The second major point about the film, Inception, and the reason I can watch it over and over again, is it is visually stunning.  Where else would you see roads folding in on themselves? An endless staircase? A freight train moving through a crowded downtown city street? Or the vanishing point of a set being revealed as a mirror, then being moved by a character to form an infinity box?  Yet these impossible scenes, rather than breaking the fourth wall in the traditional sense, are used to clearly show that a particular moment which seemed “real” is actually part of a dream – so they fit into the larger world of the film.  It is truly a visual masterpiece of film.

Recommendation:  Must see!
Rating: 5 out of 5 Stars
Next Film:  Eternal Sunshine of the Spotless Mind or Memento

Advertisements

The Prestige

  • Title:  The Prestige
  • Director:  Christopher Nolan
  • Date 2006
  • Studio:  Touchstone, Warner Brothers
  • Genres:  Drama, SF, Historical
  • Cast:  Hugh Jackman, Christian Bale, Michael Caine, Piper Perabo, Rebecca Hall, Scarlett Johansson, David Bowie, Andy Serkis, Mark Ryan, William Morgan Sheppard
  • Format:  Color, Widescreen
  • DVD Format:  Blu-Ray, R1

“But you wouldn’t clap yet, because making something disappear isn’t enough, you have to bring it back.  That’s why every magic trick has a third act, the hardest part, the part we call… The Prestige.” – Mr. Cutter, narrating

“I love you.” – Alfred Borden
“Not today.  Well, some days it’s not true, and today you don’t mean it.  Maybe today you’re more in love with magic than me.  I like being able to tell the difference, it makes the days it is true mean something.” – Sarah Borden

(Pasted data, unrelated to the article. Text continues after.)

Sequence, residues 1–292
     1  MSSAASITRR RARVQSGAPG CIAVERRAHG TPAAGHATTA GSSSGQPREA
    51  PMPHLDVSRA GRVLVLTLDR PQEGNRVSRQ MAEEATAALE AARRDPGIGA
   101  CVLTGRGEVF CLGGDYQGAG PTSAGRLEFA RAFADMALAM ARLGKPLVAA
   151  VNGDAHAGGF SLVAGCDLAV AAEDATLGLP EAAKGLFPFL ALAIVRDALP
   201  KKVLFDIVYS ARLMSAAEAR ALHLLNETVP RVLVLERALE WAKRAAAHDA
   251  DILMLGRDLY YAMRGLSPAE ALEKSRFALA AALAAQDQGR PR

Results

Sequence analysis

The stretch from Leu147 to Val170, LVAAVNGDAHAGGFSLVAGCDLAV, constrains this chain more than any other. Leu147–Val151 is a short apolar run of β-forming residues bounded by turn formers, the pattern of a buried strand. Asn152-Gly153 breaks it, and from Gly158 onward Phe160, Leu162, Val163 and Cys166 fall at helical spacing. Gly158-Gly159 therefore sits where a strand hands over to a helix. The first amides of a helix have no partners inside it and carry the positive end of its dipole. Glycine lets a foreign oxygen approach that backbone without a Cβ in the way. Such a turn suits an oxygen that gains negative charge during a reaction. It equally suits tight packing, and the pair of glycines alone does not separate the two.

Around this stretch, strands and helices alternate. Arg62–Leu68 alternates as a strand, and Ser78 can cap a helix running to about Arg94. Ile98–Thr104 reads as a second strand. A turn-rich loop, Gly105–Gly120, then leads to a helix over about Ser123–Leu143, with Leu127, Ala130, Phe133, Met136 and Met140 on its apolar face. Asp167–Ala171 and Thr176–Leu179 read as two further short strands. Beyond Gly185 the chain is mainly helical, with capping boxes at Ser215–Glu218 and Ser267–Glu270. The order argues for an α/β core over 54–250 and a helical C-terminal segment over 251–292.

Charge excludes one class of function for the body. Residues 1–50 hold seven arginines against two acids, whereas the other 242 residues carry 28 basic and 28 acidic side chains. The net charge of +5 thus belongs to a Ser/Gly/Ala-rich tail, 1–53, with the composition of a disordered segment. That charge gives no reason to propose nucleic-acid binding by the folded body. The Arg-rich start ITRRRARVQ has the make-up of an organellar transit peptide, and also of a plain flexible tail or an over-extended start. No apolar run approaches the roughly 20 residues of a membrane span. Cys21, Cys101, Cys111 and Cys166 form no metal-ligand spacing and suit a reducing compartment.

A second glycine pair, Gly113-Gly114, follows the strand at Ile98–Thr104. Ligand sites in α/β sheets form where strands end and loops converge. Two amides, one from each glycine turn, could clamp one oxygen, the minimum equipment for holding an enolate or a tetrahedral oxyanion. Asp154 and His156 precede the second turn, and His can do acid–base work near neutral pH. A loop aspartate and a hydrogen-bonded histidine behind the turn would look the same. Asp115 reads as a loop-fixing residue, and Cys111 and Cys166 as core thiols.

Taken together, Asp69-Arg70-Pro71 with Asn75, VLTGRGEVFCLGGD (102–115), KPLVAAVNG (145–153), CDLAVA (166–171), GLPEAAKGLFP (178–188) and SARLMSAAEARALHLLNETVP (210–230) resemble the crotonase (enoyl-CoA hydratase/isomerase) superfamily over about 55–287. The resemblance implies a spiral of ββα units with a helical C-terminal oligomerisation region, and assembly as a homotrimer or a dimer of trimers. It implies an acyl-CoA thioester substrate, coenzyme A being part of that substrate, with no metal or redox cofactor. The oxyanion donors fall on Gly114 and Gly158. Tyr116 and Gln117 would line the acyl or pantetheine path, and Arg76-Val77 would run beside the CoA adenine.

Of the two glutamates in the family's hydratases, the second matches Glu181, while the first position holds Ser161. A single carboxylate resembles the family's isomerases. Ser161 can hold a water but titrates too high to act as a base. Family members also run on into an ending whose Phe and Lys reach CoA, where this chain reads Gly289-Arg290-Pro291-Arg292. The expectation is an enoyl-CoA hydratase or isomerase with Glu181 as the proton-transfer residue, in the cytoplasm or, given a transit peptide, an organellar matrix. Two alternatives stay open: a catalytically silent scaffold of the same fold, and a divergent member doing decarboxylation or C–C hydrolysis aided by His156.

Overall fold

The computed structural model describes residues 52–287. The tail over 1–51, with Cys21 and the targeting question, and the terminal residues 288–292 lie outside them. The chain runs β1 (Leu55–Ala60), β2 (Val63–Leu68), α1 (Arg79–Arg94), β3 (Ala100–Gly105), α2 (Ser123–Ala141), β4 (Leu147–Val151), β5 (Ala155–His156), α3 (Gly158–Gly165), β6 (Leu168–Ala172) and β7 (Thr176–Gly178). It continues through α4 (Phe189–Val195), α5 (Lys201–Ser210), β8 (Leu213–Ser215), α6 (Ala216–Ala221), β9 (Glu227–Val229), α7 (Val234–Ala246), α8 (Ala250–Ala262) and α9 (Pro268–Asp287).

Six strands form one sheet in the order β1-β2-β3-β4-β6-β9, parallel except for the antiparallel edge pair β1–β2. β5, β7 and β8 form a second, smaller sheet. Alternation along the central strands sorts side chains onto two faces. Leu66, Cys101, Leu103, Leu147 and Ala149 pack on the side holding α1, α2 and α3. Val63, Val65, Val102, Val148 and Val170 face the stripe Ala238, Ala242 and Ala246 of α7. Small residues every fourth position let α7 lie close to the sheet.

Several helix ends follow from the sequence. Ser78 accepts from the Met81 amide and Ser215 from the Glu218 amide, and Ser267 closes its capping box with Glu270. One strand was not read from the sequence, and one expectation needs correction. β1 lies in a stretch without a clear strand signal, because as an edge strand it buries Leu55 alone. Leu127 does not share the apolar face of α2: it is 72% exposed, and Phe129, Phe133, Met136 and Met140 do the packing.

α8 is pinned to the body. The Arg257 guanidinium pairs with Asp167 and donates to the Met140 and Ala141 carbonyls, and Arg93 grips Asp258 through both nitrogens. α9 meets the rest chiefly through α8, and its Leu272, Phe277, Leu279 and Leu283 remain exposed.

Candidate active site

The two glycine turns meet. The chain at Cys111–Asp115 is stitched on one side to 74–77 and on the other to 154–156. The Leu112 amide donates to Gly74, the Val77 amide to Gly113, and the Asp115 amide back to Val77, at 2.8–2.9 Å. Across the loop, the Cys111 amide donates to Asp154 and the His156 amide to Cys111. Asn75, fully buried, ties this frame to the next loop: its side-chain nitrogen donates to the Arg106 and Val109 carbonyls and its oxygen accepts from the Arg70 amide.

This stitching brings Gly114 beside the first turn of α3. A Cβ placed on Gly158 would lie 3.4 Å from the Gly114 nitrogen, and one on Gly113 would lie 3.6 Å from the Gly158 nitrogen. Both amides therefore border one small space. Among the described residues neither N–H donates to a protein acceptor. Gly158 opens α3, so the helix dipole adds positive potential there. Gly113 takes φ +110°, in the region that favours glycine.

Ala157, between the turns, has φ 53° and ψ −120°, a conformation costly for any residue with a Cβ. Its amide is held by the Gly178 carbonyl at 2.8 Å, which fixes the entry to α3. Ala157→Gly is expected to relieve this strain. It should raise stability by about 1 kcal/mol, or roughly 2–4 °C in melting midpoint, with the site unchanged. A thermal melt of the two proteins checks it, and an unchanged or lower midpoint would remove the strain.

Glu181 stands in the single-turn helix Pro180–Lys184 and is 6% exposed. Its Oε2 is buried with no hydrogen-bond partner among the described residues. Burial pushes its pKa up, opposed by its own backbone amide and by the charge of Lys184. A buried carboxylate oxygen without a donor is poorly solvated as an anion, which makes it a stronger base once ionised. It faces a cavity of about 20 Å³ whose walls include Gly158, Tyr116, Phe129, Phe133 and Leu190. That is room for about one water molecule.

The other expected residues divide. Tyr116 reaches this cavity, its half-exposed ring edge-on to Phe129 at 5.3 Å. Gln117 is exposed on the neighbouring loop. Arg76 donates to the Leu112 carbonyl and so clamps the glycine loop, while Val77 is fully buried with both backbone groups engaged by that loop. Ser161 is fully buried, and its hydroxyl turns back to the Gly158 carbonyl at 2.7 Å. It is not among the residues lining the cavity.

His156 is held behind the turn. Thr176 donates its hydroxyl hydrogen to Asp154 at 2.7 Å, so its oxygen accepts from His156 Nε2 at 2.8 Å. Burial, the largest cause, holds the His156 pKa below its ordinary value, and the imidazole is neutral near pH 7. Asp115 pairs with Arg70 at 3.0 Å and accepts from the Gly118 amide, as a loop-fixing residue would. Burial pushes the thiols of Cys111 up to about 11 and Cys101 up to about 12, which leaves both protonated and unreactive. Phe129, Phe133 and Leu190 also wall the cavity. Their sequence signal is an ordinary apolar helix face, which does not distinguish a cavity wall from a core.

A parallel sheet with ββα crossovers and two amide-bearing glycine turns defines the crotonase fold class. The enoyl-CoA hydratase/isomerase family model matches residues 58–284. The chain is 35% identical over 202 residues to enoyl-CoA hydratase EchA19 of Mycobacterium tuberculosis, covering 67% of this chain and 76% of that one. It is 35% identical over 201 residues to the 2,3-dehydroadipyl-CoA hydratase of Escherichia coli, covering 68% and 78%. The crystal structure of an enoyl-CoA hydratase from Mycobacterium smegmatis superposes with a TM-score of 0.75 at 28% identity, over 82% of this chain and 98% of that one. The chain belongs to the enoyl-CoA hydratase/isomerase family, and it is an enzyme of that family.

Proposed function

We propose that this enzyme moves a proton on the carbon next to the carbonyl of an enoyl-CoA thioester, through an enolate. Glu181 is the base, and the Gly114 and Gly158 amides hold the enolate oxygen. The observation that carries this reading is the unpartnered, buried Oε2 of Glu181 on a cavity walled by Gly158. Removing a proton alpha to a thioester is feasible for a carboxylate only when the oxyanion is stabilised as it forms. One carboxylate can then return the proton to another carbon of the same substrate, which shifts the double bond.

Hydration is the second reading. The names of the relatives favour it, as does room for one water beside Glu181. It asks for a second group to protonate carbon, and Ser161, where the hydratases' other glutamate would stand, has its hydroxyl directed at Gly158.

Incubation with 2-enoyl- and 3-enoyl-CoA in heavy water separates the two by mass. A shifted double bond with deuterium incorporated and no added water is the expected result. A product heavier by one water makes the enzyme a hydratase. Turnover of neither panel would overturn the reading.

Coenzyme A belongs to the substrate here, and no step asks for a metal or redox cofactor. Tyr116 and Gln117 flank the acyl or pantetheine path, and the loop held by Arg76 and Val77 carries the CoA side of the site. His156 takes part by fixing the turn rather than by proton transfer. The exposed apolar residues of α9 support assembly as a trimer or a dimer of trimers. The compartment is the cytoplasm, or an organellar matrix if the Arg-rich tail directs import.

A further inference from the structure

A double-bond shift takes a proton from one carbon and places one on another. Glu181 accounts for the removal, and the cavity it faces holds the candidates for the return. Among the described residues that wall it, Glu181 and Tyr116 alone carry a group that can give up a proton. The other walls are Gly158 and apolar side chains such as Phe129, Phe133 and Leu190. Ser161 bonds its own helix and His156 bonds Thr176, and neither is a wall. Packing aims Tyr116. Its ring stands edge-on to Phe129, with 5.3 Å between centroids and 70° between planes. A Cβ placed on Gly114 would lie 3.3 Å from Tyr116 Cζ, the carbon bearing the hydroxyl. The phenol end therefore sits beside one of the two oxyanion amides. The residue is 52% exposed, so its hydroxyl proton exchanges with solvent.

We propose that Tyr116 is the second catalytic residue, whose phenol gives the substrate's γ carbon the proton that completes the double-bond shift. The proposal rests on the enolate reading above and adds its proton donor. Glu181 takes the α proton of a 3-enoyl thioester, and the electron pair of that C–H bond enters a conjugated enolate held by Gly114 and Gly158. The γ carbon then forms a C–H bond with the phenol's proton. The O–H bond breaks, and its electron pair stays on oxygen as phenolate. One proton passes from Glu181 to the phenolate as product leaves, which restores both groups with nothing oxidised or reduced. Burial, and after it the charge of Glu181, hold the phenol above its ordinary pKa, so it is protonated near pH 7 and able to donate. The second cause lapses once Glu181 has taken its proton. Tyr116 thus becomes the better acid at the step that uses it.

“I don’t want to kill doves.” – Robert Angier
“Then stay off stage.  You’re a magician not a wizard.  You gotta’ get your hands dirty if you’re going to achieve the impossible.” – Mr. Cutter

“I can recognize an obsession, no good will come of it.” – Nikola Tesla

“The truly extra-ordinary is not permitted in science and industry.  Perhaps, you’ll find more luck in your field – where people are happy to be mystified.” – Tesla

The Prestige is a film about envy, jealousy, and obsession. But rather than jealousy over someone else’s relationship with a third person; or obsession with a person, The Prestige is about professional jealousy and obsession with an idea. Add to that it’s unusual structure, and it’s a fascinating film, that’s intriguing to watch.

This is the story of two stage magicians in the 1890s. They start off as friends, working with an ingenue (or magic trick designer) and a female magician (Julia, played by Piper Perabo) who is married to one of them (Angiers, played by Hugh Jackman). Bordan (Bale) seems to be jealous of Angiers relationship with his wife, though this is not obviously stated. And when Julia dies performing a water-tank trick, after Bordan tied her hands – Angiers becomes angry and blames Bordan for the accident. However, this definitely doesn’t become your cut-and-dried “you killed my wife – I’m going to get revenge” film. Even by the end of the film, we don’t really know if Bordan deliberately tied the wrong knot or if it really was an accident. However, the death of Julia is the spark that turns a friendship into a rivalry – and then into professional jealousy, and finally into obsession. As the film unfolds Angiers and Bordan both one-up each other, and both simply do horrible things to each other – physically harming each other, undercutting each other’s stage acts, and simply just not letting the rivalry rest but escalating it with each act of the film.

The structure of the film is also different.  It starts with the end, then tells the story through a series of interweaving flashbacks that tell the story in short scenes that not only move forward and back in time, but change point of view as well. The film begins with Angiers dying in a stage magician’s trick and Bordan being arrested and charged with his murder. The flashbacks explain their history, their rivalry, and Angiers growing obsession with Bordan’s trick:  The Transported Man. Angiers follows his obsession to Colorado where he meets Nikola Tesla (David Bowie) and his assistant Alley (Andy Serkis), and convinces them to build a special machine for him. Angiers both gets what he wants and gets much more than he bargained for. But, as the story unfolds – and different parts of the story are told first from Angiers point of view and then from Bordan’s, the audience learns more and more about these characters – the doomed characters.